The power outages that hit Venezuela Thursday continued into early Friday.
The blackout hit most of the country’s 23 states. The capital Caracas, usually spared electrical cuts, was struck at the peak of rush hour.
Large crowds of commuters had to walk for several hours to their homes because few buses were on the streets and the city’s metro system was shut down.
Officials said the hydroelectric station at the Guri Dam, one of the world’s largest, had been sabotaged, but offered no evidence.
Venezuela’s socialist president, Nicolas Maduro, labeled the outage an “electrical war” directed by the United States.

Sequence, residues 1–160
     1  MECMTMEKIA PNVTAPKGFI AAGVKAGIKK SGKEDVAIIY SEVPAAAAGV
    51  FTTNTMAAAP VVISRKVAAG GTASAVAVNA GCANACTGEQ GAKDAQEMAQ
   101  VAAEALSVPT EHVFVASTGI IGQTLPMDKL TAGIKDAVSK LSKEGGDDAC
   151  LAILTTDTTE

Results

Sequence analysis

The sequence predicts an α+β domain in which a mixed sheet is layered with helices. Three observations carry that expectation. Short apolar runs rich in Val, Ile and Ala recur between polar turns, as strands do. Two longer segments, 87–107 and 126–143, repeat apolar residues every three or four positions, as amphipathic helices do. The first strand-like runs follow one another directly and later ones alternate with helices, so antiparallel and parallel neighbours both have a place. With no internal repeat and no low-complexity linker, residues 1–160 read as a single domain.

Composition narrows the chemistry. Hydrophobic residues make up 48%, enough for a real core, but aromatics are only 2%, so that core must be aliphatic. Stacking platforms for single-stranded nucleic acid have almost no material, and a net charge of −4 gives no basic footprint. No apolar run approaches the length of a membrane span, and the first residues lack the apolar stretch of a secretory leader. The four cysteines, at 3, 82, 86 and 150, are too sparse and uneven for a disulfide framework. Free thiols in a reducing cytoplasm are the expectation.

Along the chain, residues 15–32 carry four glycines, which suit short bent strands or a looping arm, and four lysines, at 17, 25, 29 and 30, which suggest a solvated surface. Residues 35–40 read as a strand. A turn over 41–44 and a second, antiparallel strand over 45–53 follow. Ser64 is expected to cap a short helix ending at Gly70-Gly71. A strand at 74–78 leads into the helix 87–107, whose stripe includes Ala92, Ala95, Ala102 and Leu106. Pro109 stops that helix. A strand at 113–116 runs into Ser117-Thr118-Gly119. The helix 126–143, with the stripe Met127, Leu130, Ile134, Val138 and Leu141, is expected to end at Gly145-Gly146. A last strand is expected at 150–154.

“The war of electricity announced and directed by U.S. imperialism against our people will be defeated. Nothing and no one can defeat the people of Bolivar and Chavez. Patriots, unite!” Maduro wrote on Twitter.
Opposition leader Juan Guaido, the self-proclaimed interim president recognized by the United States and about 50 other nations took to Twitter to blast Maduro for the outage.
“How do you tell a mom who needs to cook, an ill person who depends on a machine, a worker who should be laboring that we are in a powerful country without electricity?” he wrote. “Venezuela is clear that the light will return with the end of usurpation.”
Venezuela’s electrical system, once the most efficient in Latin America, has fallen into a state of disrepair after years of poor maintenance and mismanagement.